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 March 7, 2011   •   VOL. 49, NO. 5   •   Oakland, CA
News in Brief

Pilgrims flock to Medjugorje
Pilgrims look at religious articles in Medjugorje, Bosnia-Herzegovina, Feb. 28, where 30 years after the alleged Marian apparitions began, Medjugorje now has more than 10,000 beds for pilgrims and numerous stores selling religious articles. A Vatican-appointed commission is studying the alleged Marian apparitions. Most of the Medjugorje “seers” have said the apparitions have continued every day for years. Three say they still have visions each day, while the other three see Mary only once a year now. All six are now married and have children.
CNS photo/Paul Haring
Mideast unrest
Imams demonstrate in Cairo March 1, demanding the minister of religious affairs maintain an Islamic identity in a post-Mubarak Egypt by making Islam the main source of law. With pro-democracy movements moving across North Africa and the Middle East, the situation in Libya worries the Vatican because of the loss of human lives, “the targeting of civilians and of peaceful protesters, and the indiscriminate use of force,” a Vatican representative told the U.N. Human Rights Council.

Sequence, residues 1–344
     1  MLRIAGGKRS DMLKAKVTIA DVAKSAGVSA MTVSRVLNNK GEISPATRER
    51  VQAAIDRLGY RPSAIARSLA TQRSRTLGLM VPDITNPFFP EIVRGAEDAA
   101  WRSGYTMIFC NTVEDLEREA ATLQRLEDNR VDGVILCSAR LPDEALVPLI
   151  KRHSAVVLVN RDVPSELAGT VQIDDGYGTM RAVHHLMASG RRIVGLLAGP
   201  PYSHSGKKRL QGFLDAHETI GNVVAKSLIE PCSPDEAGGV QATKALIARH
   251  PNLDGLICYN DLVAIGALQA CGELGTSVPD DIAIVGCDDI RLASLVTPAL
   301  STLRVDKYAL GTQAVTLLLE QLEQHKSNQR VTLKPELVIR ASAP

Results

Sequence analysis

CNS photo/Amr Abdallah Dalsh, Reuters

Archbishop installed as Cardinal Mahony retires

LOS ANGELES — More than 6,000 people assembled for two Masses Feb. 27 at the Cathedral of Our Lady of the Angels to observe a historic — and rare — transition of leadership in the Archdiocese of Los Angeles. On the day Cardinal Roger M. Mahony celebrated his 75th birthday — the age at which bishops are canonically required to submit their resignations to the pope — Archbishop Jose H. Gomez, former archbishop of San Antonio, and previously an auxiliary bishop of Denver, was welcomed as the new leader of the Church of Los Angeles.

Harrisburg priest to be an auxiliary bishop